1 Answer | Add Yours
Maycomb Sheriff Heck Tate was the first man to take the witness stand in the rape trial of Tom Robinson, the focal point of Harper Lee's novel, To Kill a Mockingbird. After Bob Ewell came in person to his office to report that "some nigger'd raped his girl," Sheriff Tate drove to the Ewell house. There he found Mayella Ewell "lying on the floor" and "pretty well beat up."
"I asked her who hurt her, and she said it was Tom Robinson."
After a short round of questions from the prosecutor, Mr. Gilmer, it was Atticus's turn.
After determining that Sheriff Tate had not called a doctor, Atticus asked which eye had been blackened.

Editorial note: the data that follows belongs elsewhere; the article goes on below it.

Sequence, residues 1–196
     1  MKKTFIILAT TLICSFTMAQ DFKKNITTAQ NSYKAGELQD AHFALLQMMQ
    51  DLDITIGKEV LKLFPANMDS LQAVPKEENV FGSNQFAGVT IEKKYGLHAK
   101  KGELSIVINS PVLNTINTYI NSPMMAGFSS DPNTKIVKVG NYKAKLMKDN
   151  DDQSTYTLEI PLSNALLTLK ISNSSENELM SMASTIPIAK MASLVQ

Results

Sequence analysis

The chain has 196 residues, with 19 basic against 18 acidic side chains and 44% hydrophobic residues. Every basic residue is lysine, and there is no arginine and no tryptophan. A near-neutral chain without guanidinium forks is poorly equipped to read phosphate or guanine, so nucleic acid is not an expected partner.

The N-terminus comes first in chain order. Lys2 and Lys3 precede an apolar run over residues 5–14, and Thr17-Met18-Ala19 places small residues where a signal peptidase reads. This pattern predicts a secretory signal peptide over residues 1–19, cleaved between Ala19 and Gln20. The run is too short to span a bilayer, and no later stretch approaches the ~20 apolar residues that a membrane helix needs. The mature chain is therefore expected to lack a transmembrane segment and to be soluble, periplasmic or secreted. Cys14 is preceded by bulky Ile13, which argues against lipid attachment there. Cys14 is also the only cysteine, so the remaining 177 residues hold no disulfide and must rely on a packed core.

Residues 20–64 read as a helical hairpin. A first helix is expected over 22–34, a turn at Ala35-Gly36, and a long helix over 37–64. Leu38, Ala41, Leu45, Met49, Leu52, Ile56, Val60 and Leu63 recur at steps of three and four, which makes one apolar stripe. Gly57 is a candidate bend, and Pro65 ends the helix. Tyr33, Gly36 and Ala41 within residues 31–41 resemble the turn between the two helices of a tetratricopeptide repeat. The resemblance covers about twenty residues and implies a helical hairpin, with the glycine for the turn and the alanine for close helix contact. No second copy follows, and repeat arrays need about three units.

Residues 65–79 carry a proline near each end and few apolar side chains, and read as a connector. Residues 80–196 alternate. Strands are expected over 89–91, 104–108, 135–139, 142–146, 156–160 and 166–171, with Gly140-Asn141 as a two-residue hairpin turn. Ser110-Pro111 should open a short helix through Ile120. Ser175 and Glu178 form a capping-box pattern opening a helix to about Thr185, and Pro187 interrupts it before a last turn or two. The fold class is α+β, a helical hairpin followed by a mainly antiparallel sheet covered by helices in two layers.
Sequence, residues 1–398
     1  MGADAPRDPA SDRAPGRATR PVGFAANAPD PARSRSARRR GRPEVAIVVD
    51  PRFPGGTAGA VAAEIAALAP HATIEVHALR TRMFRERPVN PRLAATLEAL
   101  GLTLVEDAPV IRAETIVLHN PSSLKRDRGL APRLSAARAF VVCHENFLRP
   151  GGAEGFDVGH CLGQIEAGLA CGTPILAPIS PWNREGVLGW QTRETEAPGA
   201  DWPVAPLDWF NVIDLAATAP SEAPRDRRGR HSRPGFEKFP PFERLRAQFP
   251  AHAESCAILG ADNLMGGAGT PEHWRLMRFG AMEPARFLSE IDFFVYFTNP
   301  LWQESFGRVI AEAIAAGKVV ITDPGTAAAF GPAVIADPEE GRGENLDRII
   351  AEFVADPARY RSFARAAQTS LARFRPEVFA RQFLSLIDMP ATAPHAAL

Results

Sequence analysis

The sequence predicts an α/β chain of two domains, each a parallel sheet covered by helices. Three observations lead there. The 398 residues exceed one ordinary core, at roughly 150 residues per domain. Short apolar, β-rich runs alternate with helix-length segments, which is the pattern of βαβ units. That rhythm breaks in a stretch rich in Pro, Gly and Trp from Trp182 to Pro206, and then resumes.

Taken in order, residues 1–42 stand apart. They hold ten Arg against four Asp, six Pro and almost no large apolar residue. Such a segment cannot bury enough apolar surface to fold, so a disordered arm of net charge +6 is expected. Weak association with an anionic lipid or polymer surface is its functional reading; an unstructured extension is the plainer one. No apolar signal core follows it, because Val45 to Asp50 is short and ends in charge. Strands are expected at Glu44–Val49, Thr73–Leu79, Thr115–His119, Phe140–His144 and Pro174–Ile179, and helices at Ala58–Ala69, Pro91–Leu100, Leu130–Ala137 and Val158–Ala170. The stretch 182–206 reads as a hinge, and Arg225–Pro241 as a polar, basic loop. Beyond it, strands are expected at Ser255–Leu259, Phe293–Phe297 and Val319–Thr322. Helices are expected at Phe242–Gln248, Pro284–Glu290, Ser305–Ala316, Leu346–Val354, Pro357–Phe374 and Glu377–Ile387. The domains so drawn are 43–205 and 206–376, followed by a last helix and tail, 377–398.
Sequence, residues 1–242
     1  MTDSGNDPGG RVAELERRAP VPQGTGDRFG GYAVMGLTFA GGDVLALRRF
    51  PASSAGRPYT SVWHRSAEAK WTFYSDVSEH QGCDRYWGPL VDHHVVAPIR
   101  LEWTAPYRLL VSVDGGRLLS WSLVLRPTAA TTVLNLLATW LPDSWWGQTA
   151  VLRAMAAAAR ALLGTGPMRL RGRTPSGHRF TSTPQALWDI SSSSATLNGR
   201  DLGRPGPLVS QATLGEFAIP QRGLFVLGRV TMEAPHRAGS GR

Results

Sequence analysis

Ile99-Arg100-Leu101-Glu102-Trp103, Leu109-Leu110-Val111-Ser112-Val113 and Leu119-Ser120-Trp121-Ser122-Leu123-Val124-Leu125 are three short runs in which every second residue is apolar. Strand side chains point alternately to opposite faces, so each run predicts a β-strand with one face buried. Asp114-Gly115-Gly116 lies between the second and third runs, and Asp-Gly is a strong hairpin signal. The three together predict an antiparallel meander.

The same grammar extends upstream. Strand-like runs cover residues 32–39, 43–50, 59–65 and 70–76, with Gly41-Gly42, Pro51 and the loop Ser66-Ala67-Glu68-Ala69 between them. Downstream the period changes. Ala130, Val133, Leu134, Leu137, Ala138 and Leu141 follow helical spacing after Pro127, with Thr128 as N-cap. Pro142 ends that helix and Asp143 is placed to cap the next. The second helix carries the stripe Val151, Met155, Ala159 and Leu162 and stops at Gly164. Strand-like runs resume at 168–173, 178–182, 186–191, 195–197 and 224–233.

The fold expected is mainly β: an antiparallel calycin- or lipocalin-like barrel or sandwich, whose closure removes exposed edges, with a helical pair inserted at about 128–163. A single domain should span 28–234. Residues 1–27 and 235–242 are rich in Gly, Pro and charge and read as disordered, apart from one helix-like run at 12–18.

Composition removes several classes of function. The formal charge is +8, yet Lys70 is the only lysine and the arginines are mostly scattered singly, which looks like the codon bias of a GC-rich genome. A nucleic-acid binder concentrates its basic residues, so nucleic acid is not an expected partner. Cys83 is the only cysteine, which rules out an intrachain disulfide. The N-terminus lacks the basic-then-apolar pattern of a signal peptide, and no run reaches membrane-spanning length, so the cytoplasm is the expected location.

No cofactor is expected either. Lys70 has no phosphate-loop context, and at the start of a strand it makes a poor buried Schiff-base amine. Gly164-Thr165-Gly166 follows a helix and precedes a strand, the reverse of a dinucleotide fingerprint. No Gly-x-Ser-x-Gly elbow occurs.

"... It was her right eye, Mr. Finch. I remember now. She was bunged up on that side of her face."
Atticus also determined from the sheriff that there were other bruises on her arms and "all around" her neck. Then Atticus took a seat, and Judge Taylor dismissed Sheriff Tate from the stand.
Sheriff Tate's testimony would be the shortest of the four main characters who testified. His statement about the bruises on the right side of Mayella's face would later prove to be a key to Atticus's defense; Tom, whose left arm was crippled, could hardly have caused them. Additionally, it would have taken two strong hands to have caused the bruises "all around" Mayella's throat.
We’ve answered 287,694 questions. We can answer yours, too.Ask a question